Special Issues Of Grieving The Death Of A Sibling

Special Issues Of Grieving The Death Of A Sibling

The loss of a sister or a brother is sometimes very much neglected and has not been discussed exhaustively. It is however a loss that most of people experience. This is because when it comes to the parents, every individual has one father and one mother and also one spouse. When it comes to brothers and sisters, people could have as many as possible. The social expectation in life is that the death of a sister or a brother is unlikely to disturb our lives. It is however noted that some people may not have had any contact with real brothers and sisters. People have really failed in appreciating the importance of siblings (Silverman et al, p1, 2001). This paper aims at highlighting the issues that arise with the process of grieving a sibling’s death.

Every family has a special history together with shared bonds on the history. Immediately a sibling dies the shattered bonds in the history of the family become shattered and there is a hole in the family history which is never again filled. As children grow, they possess certain talents and characteristics. Siblings will always have a tendency to compliment one another as they develop interest on various areas. The siblings who survive after the demise of one have to redefine certain roles due to absence of the person (Silverman et al, p1, 2001).

The moment a sibling dies, the special occasions change. The birthday celebrations, holidays and anniversaries will be forgotten. Phone calls to share best moments will also be no more.

When there is death of a sibling in a family, there could be increased concern on one’s own death. This is because the siblings have similar genetic traits. The brothers and sisters left could have implications on their own demise. This means they start seeing themselves as being the next, the time they will die among other things. This may lead to stress and suffering especially when one reaches the age of the sibling who died.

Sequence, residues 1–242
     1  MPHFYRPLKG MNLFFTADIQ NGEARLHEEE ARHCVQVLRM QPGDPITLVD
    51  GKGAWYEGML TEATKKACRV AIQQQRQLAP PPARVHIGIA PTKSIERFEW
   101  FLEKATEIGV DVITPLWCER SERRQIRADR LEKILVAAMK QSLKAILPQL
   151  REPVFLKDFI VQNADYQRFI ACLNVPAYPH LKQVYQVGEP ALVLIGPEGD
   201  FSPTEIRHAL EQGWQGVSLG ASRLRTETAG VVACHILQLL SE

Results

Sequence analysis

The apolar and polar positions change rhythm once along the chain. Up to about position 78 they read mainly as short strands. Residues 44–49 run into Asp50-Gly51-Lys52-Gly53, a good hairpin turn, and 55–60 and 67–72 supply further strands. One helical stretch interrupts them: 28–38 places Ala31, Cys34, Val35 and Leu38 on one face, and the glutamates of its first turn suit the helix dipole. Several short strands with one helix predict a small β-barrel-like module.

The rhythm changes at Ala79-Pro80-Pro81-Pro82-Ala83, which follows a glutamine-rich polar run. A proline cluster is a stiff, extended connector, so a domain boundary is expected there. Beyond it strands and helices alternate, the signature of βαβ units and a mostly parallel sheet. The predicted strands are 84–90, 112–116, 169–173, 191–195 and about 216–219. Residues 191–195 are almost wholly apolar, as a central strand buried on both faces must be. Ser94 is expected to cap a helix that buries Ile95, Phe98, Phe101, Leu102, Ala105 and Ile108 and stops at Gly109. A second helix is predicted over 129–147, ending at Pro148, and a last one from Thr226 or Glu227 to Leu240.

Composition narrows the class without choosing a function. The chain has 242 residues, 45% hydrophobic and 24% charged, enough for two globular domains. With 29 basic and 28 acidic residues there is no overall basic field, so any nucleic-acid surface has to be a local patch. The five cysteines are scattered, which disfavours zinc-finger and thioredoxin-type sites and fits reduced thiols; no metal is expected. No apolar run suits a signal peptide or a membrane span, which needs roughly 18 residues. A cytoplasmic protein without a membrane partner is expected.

There is anger as the siblings left have to take up new roles such as taking care of the aging parents among others. Others take up the responsibility of raising the nephews who have been left behind. All these among others could lead to anger due to the loss of the sibling.

On the other hand, going with the relationship a person had with the sibling who has died and the manner in which the sibling died; grief could follow which may even lead to death. Some people even have experienced guilt. This is brought about by the sibling’s relationship and ambivalence as well as the feeling one has in reference to the understanding that one might have.

The adult siblings are also bound to expect survivor guilt which is normal. The brothers and sisters possess relationship in which they aim at protecting one another even if they are far from each other (Willis, p222, 2002). Guilt on the way the siblings maintained their relationship is also evident. The adult siblings change their relationship due to the various separate paths each follows. Even thought the relationship and communication was well maintained, the person left still feels that it could have been better.

In conclusion therefore, people mourning the death of a sibling require a lot of attention. Some of them will try to speak out what they feel with friends and family members. Some people offer them support which is very important (Hosley & Terrance, p126. 2006). When an individual comes across another person who has lost a sibling, this provides an opportunity for sharing which leads to healing.

Work Cited

Horsley, Heidi, and Terrance Patterson. “The Effects of a Parent Guidance Intervention on Communication among Adolescents Who Have Experienced the Sudden Death of a Sibling.” The American Journal of Family Therapy 34.2 (2006): 119-37. Print.

Silverman, Gabriel K, Jeffrey G Johnson, and Holly G Prigerson. “Preliminary Explorations of the Effects of Prior Trauma and Loss on Risk for Psychiatric Disorders in Recently Widowed People.” Israel Journal of Psychiatry and Related Sciences (2001). Print.

Willis, Clarissa A. “The Grieving Process in Children: Strategies for Understanding, Educating, and Reconciling Children’s Perceptions of Death.” Early Childhood Education Journal 29.4 (2002): 221-26. Print.

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